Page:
Patients not easy to recognize Riverview chief targets misconceptions

By Keith Edwards
Staff Writer 12/20/2007
from the Kennebec Journal

AUGUSTA -- David Proffitt, superintendent of Riverview Psychiatric Center, hears it all the time when talking with Augusta residents about recovery from mental illness.
"They feel Augusta has a disproportionate number of people with mental illness being discharged into the community," Proffitt said Wednesday at a Kennebec Valley Chamber of Commerce business breakfast. "Some feel it's unfair to this community."

His response: That person you see on the streets of Augusta, in visible mental health distress, is probably not a Riverview patient.

If he or she were a patient at Riverview, Proffitt said, they would be getting the services they need, and a casual observer wouldn't be able to tell the person had a mental illness.

"We're helping these individuals integrate into your community," Proffitt said. "You may see someone walking on the street, and think to yourself, 'They don't look like me' and assume they have mental illness and are a patient at Riverview.

"My question, then, is why isn't that person getting the help they need?"
Proffitt said staff at the new 92-bed, $33 million state-operated mental health facility in Augusta work hard to create a healing environment and assist Mainers in recovering from mental illness.

That's something that hasn't changed at the mental health facility across the Kennebec River from the Statehouse.

Their methods, however, have changed dramatically over the 167-year history of mental health services, which have been offered at the same site for decades under various other names, including, most recently, Augusta Mental Health Institute.
"By today's standards, a lot of things done in that facility before Riverview are considered barbaric today," Proffitt said.

He described the past use of ice baths once thought to shock people out of their mental illness.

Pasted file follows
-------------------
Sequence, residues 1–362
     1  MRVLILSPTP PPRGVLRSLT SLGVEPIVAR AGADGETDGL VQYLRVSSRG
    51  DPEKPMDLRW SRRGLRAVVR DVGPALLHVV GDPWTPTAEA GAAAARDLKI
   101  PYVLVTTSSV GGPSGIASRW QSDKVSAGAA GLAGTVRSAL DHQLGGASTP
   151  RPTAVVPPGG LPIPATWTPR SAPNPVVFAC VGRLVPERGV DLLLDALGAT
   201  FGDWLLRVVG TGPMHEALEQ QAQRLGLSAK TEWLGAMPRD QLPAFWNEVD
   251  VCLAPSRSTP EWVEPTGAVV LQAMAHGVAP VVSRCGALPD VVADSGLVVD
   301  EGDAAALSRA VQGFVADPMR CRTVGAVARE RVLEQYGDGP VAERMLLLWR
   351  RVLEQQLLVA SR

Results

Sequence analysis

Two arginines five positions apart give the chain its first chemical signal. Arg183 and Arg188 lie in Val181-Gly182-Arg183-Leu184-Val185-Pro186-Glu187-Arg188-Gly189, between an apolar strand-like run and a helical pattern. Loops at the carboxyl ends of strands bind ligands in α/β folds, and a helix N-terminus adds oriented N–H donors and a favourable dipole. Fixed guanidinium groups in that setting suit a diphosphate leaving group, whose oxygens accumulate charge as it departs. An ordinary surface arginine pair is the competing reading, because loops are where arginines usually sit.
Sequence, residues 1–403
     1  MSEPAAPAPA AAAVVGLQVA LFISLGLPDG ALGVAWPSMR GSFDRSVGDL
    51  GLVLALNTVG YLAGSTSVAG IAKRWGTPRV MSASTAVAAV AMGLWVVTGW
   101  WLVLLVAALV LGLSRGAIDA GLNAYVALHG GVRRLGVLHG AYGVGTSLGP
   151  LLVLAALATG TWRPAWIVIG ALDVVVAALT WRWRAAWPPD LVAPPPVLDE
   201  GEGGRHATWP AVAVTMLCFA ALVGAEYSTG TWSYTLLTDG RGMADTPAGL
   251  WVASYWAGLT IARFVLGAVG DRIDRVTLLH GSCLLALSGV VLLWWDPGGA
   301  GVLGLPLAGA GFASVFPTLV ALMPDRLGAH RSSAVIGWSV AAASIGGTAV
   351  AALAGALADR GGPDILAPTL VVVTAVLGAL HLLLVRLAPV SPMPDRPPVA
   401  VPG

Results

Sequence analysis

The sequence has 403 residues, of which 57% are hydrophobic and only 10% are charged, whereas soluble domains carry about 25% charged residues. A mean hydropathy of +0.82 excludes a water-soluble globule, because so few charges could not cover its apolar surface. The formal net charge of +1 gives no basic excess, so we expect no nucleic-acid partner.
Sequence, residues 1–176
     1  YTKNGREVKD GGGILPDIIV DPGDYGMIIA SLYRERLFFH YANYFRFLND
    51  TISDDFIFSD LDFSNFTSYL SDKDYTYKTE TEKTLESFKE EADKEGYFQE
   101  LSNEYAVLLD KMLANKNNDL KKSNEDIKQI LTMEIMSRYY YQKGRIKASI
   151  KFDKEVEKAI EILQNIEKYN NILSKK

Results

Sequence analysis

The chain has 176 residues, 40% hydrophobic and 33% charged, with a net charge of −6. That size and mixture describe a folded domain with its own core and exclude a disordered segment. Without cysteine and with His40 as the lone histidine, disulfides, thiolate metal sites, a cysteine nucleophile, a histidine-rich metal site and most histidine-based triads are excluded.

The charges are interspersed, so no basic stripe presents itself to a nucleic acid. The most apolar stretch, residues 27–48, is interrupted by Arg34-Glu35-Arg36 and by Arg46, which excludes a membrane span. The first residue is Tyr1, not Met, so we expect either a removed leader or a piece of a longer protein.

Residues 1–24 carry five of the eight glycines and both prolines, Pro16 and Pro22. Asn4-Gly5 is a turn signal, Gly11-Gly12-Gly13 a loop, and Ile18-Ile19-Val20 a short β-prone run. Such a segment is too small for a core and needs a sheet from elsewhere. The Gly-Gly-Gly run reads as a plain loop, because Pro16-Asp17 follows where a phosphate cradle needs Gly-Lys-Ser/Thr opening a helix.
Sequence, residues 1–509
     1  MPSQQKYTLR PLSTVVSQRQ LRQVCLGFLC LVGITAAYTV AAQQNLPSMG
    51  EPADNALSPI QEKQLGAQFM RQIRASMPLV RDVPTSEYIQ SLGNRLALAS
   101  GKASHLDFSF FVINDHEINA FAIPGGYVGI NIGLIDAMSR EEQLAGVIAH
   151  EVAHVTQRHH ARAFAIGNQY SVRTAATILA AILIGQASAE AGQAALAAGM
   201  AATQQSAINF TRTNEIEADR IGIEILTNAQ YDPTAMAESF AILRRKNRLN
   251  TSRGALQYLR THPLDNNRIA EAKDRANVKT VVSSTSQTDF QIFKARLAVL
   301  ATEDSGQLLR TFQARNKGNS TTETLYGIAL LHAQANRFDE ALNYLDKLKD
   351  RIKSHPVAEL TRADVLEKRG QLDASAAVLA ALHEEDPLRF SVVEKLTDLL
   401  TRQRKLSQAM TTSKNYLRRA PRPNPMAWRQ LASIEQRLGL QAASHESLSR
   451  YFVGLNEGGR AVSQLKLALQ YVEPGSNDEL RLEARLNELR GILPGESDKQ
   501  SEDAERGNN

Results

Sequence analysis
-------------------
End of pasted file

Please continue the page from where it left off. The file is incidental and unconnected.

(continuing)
And insulin shots were once used to induce shock so workers could analyze and document what patients said just before slipping into a coma, in an effort to gain insight into their illness.

"Today we think that's complete nonsense," Proffitt said. "We did what we thought was the best at that time. Our treatment now goes well beyond that earlier treatment."

He also told the audience of about 30 business owners and other attendees of Riverview's financial impact on the local economy.

Riverview employs 315 full-time employees and pays out $19.5 million annually in salary and benefits -- an average of $360,000 a week. It also contracts out $7 million in additional services annually, sparking an estimated additional 100 Maine jobs.
Proffitt also said about 50 patients held jobs last year, and then bought goods and services in the community.

"It's a clean industry for a community to embrace," he said.
Proffitt became superintendent at the Augusta facility the year it opened, in 2004.
Before that, he worked in mental health in several different cities around the country.
He had high praise Wednesday for how people with mental illness are looked after in Augusta.

He described a recent lunch with his wife at a local restaurant, where they saw a woman in apparent distress. His wife told the waitress she wanted to pay for a meal for the woman.

The waitress said not to worry about it, as the management of the restaurant paid for her meal, and others in the community looked after the woman, too.

"I've never been in a community that celebrates the diversity of its people, that showed the caring and tolerance that I have seen here in Augusta," Proffitt said. "That's what I love about Augusta. We respect the humanity of each other. We look out for one another."